Looking Outward-02

Beautiful chaos is an interactive app created by Nathan Selikoff that displays abstract shapes and imagery as a reaction to 3D motion. The app was created and initially exhibited in 2013 for the Leap Motion controller, a virtual reality device. Based on certain hand motions, the app calculates new algorithms and moves swiftly and gracefully on the screen.

I find this specific piece really interesting because of the interactive aspect of it. The app relies on the movements of a user in order to morph. I find it very inspiring how physical movements can be converted into digital actions on screen.

Also, there’s an interesting juxtaposition between the calming, elegant visuals and the constant recalculating and thinking of the programming. While the display is seemingly soft and smooth, behind the scenes, the app is actually continuously calculating the movements and interaction of the user in order to project the video.

Beautiful Chaos


For this project, I started with a very complicated idea. I wanted to create three faces that would all have similar randomly changing variables that could flash around the screen like random lights.

However, I soon realized this would just be a lot of work and my code kept getting longer and longer with more and more variables to the point that I started confusing myself. In the end, I decided to just simplify my concept into one face with simple variables that could change.


var hairWidth = 160;
var hairHeight = 135;
var faceWidth = 130;
var faceHeight = 110;
var mouthHeight = 15;
var mouthWidth = 15;

function setup() {
    createCanvas(640, 480);


function draw() {
	 background(245, 235, 230);
	//blue hair
	stroke(172, 216, 242);
	fill(180, 225, 255);
	rect(width/2, height/2, hairWidth, hairHeight, 20);
	fill(250, 218, 190); //face
	rect(width/2, height/2 + 13, faceWidth, faceHeight, 20);
	fill(180, 225, 255); //bangs
	arc(width/2 + hairWidth/2 - 5, height/2 - 50, hairWidth*(7/5), 100, PI/2, PI, PIE);
	arc(width/2 - hairWidth/2 + 5, height/2 - 50, hairWidth*(2/3), 90, 0, PI/2, PIE);
	strokeWeight(3); //eyes
	fill(188, 235, 203);
	ellipse(width/2 - faceWidth/4, height/2 + 15, 20, 20);
	ellipse(width/2 + faceWidth/4, height/2 + 15, 20, 20);
	noStroke(); //mouth
	fill(231, 90, 124);
	ellipse(width/2, height/2 + 35, mouthWidth, mouthHeight);

function mousePressed(){
	hairWidth = random(160, 250);
	hairHeight = random(135, 225);
	faceWidth = random(130, 220);
	faceHeight = random(110, 100);
	mouthWidth = random(15, 30);
	mouthHeight = random(15, 30);


SixthSense site

     One interactive project that really stuck to me is the SixthSense project. I first came across this project in a TEDx video. SixthSense is a prototype consisting of a projector, mirror and camera. It allows the user to have an interactive projection/screen on various surfaces in everyday life, using simple hand gestures to control it.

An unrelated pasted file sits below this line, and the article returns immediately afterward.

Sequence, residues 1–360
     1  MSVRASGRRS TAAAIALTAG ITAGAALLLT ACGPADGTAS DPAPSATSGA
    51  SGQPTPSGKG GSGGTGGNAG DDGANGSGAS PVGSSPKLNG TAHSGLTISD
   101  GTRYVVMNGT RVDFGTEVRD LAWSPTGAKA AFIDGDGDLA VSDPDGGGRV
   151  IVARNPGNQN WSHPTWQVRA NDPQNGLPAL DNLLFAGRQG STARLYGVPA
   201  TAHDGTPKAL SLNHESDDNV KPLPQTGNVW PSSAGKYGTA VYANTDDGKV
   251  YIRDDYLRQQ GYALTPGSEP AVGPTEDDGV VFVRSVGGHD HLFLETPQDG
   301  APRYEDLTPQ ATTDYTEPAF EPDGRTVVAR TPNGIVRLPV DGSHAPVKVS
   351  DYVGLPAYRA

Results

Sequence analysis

I find this project very inspiring because of its ease. The prototype relies on simple hand gestures and various physical surfaces that can be found anywhere. Its brings high-tech concepts and software into the every day lives of people. The website itself even has instructions to creating your own prototype device.

It is also very interesting seeing the potential of the prototype and trying to envision where this technology will end up. Although a lot of software and tech has been developed for this prototype, it is still a long way from becoming a refined product.


When first given the assignment to code a self portrait, my immediate thought was to create a portrait that was as realistic as possible. However, given my very little knowledge of coding, I soon found that that wouldn’t be possible. So I then turned to a more graphic, animated concept. Instead of creating a foreground and background portrait, I decided to use the entire canvas to illustrate my face. Once figuring out the placement of my face and hair, it was quick and easy to place and “draw” the rest of my facial features.


function setup() {
    createCanvas(600, 500);
    background(54, 37, 29);


function draw() {
	fill(250, 209, 178);
	rect(300, 450, 400, 600, 100);

	fill(54, 37, 29);
	ellipse(500, 70, 600, 500);
	ellipse(100, 10, 300, 600);

	fill(65, 56, 23);
	ellipse(200, 350, 40, 40);
	ellipse(400, 350, 40, 40);
	ellipse(190, 340, 10, 10);
	ellipse(390, 340, 10, 10);

	arc(300, 425, 150, 100, 0, PI);
	ellipse(300, 425, 150, 25);
	fill(250, 209, 178);
	rect(300, 400, 200, 50);

	fill(233, 194, 164);
	arc(300, 395, 45, 20, 0, PI);